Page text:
It would be useful if EPA’s Coming Together for Clean Water dialog could provide guidance for such an integrated approach, since I am sure that Cape Cod is not the only region in America facing these wastewater infrastructure upgrade challenges. We are already being impacted by climate change (natural environment and socioeconomic system), so that we need to find a way to make the transition to sustainability.

  5. March 25, 2010

    If the EPA is really serious about nutrients in our open waters, it should stop using our open waters as giant urinals and address the water pollution caused by nitrogenous (urine and protein) waste in municipal sewage. This waste besides exerting an oxygen demand is also a fertilizer for algae and therefore contributes to eutrophication, resulting in dead zones.
    EPA ignored this waste, because it used an essential test incorrectly and although it did acknowledge this in 1984, it never corrected this test, while by administrative rule officially not only ignored this waste, but changed the goal of the Clean Water Act from demanding 100% treatment by 1985 (elimination of all pollution) to a measly 35% treatment, thereby apparently considering rivers used as urinals to be swimmable.
    All this, while it still is impossible to evaluate the real treatment efficiencies of sewage treatment plants and what their effluent waste loadings are on receiving water bodies. Correcting this test should and would be a giant step in the right direction to correct many of the mistakes made in the past and fulfill another requirement in the CWA, by establishing best available treatment (95-98%), which with EPA’s own data would actually cost less than the odor control facilities now built.

  6. March 25, 2010

    I own a 91 acre apple farm in the tri-city area of Schenectady, Albany, and Troy, New York, Town of Clifton Park, where water resources are very crucial. During the last 40 years our town has grown by leaps and bounds until we have a population of over 35,000.

    On my farm I am very aware of non-point source pollution and already do everything I can to protect the water in my neighborhood. On my farm I have implemented New York State DEC best management practices including IPM for spraying apple trees along with best practices in order to keep spray drift at an absolute minimum as well as pesticide run off into water sources.

    I think that retaining my farm, and in spite of these necessary farm practices, has actually assisted in keeping cleaner water quality for my community than would have occurred had my land been built out for development. Housing could have, and probably would have, polluted the water much more than my current farming practices.

    I am confident that government will look at the much broader picture of agriculture and would realize that open space, local food sources, and an abundance of food is crucial to the general population, and that local farms actually help the environment, water included. Pressure from mandates and expensive implementation measures would hurt farming and therefore the entire population of the U.S. What we need instead is support for keeping our farms in existence for the good of all.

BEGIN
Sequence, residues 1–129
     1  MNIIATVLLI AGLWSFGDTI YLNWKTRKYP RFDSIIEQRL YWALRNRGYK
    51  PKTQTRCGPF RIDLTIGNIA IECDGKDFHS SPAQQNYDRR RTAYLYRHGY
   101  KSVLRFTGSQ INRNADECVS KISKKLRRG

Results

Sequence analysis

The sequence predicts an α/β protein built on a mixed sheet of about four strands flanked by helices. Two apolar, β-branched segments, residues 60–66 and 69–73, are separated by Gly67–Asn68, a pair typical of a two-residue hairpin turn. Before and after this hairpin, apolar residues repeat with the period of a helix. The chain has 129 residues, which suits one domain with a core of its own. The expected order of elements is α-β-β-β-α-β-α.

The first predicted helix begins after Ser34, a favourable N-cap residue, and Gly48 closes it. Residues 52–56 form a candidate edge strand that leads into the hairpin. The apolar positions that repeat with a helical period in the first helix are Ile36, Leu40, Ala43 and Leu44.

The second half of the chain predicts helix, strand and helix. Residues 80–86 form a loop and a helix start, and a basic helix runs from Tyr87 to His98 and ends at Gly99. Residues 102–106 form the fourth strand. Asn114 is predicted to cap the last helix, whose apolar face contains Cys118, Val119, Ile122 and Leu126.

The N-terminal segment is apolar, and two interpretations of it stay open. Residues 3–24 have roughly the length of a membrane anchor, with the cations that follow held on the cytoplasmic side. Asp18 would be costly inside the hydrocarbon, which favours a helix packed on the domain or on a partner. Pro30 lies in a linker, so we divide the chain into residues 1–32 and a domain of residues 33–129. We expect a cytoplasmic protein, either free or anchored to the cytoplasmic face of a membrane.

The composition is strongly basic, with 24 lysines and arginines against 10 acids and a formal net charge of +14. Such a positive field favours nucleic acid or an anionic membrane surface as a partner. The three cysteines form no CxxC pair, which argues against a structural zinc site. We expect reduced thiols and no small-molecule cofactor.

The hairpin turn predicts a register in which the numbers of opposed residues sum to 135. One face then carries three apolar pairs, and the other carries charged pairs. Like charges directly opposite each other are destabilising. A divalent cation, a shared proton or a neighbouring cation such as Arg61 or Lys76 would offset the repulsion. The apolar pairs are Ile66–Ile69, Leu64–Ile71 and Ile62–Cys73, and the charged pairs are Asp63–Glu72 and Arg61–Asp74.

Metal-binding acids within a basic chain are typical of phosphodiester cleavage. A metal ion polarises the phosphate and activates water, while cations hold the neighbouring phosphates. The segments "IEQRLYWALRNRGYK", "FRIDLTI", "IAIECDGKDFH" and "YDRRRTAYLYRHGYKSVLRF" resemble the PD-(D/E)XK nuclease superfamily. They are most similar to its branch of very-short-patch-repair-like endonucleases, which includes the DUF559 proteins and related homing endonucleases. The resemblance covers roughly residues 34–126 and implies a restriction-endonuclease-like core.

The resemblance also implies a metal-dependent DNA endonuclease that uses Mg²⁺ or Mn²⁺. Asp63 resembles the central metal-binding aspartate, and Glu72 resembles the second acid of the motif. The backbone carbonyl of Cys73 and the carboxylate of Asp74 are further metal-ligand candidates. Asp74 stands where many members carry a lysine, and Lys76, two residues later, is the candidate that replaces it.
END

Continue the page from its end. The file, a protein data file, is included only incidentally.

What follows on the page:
7. March 25, 2010

    I have been in dairy practice for 30 years, and have seen farmers become BETTER stewards of the land, year after year. Farmers are using targeted fertilization and weed controll, and using less every year.
    This is in part due to cost/profit. Farmers at this point need have stable EPA regualtions, and at this point, they are stringent enough.
    From here on , the EPA should be simply monitoring for accidents.

  8. March 25, 2010

    The EPA should require states in the Mississippi basin to develop and enforce nutrient standards to reverse the dead zone in the Gulf of Mexico. Non-point nutrient pollution must be stopped by enforcement of existing TDML’s and development of TDML’s for nutrient impaired waterways.

  9. March 25, 2010

    Louisiana is working on the state’s Nutrient Reduction Strategy which should bring many of the necessary partners together to discuss what is possible in reducing nitrogen and phosphorus levels entering inland and coastal waters. We have been involved in the Gulf of Mexico Program for many years and have also been working on nutrient reduction through the Hypoxia initiatives for the Mississippi River.

    Finding the balance of what is understood and can be implemented now and what areas still need additional research to help improve watershed and instream models will continue to be important for this work to move forward and result in progress. Industry and agriculture will remain involved if they feel that science and information are the basis for the decisions and people are willing to accept what can reasonably be accomplished in coastal systems.

    New and innovative technologies are available and some of the industries and municipalities are utlizing them but others are concernced about the costs and effectiveness and fear further regulations beyond what they agree to implement. It is important for each state to be able to continue to work on their own approach since nutrient dynamics can vary so from ecoregion to ecoregion.